Antiwar protesters block Interstate-5 Freeway on May 5, 1970.

  • By Walt Crowley
  • Posted 1/01/2000
  • Essay 1994
On May 5, 1970, an estimated 1,000 people surge onto southbound lanes of the Interstate 5 Freeway to protest the recent invasion of Cambodia and the deaths of four antiwar protesters on the Kent State campus in Ohio the previous day.

The protest began that morning on the campus of the University of Washington. A large mass of demonstrators then left campus and marched north on University Way NE. They turned west on NE 45th St. and approximately 1,000 entered the freeway. The group halted all traffic as they moved south over the Freeway Bridge. They were met on the far side by a handful of State Troopers and exited peacefully at the Roanoke Street off-ramp.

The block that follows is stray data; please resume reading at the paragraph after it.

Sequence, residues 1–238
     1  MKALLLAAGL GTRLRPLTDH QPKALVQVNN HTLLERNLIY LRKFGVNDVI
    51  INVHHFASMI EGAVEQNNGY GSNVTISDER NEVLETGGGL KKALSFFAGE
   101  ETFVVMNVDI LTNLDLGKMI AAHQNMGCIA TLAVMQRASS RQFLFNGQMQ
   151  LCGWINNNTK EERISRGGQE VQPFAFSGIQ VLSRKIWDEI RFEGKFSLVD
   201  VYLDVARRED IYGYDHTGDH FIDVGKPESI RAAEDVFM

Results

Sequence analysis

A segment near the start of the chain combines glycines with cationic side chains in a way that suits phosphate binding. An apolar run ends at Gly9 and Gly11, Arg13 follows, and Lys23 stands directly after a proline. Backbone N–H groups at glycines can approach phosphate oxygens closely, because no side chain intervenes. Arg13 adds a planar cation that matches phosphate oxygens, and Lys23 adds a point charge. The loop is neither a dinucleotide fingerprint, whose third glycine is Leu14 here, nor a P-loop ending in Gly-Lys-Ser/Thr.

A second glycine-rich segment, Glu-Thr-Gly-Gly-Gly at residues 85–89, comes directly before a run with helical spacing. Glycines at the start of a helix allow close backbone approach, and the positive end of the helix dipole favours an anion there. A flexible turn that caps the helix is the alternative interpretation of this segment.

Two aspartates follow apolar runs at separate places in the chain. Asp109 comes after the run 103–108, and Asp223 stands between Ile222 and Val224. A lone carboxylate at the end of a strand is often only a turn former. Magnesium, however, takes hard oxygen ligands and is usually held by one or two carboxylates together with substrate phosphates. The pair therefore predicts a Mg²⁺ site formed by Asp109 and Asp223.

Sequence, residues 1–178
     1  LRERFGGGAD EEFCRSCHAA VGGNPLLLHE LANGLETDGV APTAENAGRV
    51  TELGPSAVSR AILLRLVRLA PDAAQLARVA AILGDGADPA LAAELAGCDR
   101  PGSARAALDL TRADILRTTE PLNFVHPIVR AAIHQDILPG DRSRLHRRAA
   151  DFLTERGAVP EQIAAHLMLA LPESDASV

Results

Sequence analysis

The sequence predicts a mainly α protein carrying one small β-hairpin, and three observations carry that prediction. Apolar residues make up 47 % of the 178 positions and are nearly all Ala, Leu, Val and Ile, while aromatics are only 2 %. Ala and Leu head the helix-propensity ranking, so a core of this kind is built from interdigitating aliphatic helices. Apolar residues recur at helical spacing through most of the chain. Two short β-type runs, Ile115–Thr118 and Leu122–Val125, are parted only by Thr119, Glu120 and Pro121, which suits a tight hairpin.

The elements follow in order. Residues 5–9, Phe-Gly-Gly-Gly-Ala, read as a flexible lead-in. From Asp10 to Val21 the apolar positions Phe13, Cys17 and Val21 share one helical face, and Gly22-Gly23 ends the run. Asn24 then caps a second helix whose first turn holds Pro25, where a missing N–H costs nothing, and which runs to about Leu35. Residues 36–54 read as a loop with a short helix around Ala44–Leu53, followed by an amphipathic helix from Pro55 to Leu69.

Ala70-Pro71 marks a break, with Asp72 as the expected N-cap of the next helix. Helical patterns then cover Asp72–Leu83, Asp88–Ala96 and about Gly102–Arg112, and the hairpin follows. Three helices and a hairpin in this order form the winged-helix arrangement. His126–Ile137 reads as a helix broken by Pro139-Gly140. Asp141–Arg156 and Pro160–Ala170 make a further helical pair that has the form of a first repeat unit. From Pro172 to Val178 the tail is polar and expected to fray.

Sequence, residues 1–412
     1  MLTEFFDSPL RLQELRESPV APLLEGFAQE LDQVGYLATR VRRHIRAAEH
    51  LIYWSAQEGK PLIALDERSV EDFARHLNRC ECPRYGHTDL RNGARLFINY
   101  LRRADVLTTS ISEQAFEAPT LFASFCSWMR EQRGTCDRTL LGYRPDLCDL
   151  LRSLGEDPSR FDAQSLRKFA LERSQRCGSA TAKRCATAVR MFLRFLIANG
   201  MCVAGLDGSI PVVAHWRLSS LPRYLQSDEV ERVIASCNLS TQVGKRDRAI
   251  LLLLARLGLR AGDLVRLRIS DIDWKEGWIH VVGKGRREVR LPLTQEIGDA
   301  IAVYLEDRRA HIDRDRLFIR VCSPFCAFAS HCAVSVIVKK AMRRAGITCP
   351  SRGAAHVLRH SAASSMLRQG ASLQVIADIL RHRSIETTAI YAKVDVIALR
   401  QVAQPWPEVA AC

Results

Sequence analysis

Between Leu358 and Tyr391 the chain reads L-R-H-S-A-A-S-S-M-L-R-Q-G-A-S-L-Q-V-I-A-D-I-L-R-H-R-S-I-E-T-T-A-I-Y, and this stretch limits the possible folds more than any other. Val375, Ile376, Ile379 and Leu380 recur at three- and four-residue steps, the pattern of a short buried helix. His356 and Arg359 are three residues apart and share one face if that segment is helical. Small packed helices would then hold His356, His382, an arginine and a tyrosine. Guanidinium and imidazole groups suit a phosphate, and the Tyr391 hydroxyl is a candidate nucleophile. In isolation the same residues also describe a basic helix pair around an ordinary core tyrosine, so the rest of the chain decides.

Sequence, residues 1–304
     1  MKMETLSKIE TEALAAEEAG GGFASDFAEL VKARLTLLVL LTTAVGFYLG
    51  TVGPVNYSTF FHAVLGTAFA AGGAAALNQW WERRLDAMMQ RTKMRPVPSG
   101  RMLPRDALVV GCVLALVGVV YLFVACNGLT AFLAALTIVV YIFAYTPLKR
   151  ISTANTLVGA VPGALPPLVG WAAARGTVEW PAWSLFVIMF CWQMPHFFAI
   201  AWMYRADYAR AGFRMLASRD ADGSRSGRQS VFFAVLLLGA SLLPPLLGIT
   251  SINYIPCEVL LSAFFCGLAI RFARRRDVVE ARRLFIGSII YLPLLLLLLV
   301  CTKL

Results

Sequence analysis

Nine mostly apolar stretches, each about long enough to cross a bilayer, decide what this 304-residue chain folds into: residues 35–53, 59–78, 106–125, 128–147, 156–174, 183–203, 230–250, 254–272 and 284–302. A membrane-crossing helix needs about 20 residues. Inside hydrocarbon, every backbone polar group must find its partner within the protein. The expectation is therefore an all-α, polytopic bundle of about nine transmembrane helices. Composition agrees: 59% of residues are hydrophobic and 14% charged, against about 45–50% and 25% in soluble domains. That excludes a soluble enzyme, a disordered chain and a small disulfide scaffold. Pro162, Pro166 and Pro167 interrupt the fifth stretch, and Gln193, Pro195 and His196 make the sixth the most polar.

More than 10,000 protesters tried to duplicate the "Freeway March" on the following day, but were repulsed by State Troopers and police with tear gas and clubs. On May 8, Mayor Wes Uhlman (b. 1935) closed the I-5 Express Lanes for a sanctioned protest march from downtown Seattle to the University District by some 15,000 demonstrators.

Sources: Walt Crowley, Rites of Passage: A Memoir of the Sixties in Seattle (Seattle: University of Washington Press, 1995).

Related Topics:   War & Peace

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